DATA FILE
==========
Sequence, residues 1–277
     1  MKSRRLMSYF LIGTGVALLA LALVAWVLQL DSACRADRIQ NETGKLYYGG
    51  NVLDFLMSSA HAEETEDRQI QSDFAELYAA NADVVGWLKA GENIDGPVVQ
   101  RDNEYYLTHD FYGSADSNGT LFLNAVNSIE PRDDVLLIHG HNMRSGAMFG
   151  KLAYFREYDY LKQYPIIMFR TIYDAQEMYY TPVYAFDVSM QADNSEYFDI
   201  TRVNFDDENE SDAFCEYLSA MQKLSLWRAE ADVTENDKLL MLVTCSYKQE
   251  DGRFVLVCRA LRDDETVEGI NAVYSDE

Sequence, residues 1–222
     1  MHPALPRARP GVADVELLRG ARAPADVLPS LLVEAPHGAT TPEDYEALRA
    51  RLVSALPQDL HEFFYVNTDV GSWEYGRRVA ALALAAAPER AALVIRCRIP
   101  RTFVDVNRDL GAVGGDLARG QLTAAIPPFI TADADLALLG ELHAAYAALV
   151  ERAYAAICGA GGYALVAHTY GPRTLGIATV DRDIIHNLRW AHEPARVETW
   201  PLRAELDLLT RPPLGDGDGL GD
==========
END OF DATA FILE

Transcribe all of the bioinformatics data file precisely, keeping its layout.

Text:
Sequence, residues 1–277
     1  MKSRRLMSYF LIGTGVALLA LALVAWVLQL DSACRADRIQ NETGKLYYGG
    51  NVLDFLMSSA HAEETEDRQI QSDFAELYAA NADVVGWLKA GENIDGPVVQ
   101  RDNEYYLTHD FYGSADSNGT LFLNAVNSIE PRDDVLLIHG HNMRSGAMFG
   151  KLAYFREYDY LKQYPIIMFR TIYDAQEMYY TPVYAFDVSM QADNSEYFDI
   201  TRVNFDDENE SDAFCEYLSA MQKLSLWRAE ADVTENDKLL MLVTCSYKQE
   251  DGRFVLVCRA LRDDETVEGI NAVYSDE

Sequence, residues 1–222
     1  MHPALPRARP GVADVELLRG ARAPADVLPS LLVEAPHGAT TPEDYEALRA
    51  RLVSALPQDL HEFFYVNTDV GSWEYGRRVA ALALAAAPER AALVIRCRIP
   101  RTFVDVNRDL GAVGGDLARG QLTAAIPPFI TADADLALLG ELHAAYAALV
   151  ERAYAAICGA GGYALVAHTY GPRTLGIATV DRDIIHNLRW AHEPARVETW
   201  PLRAELDLLT RPPLGDGDGL GD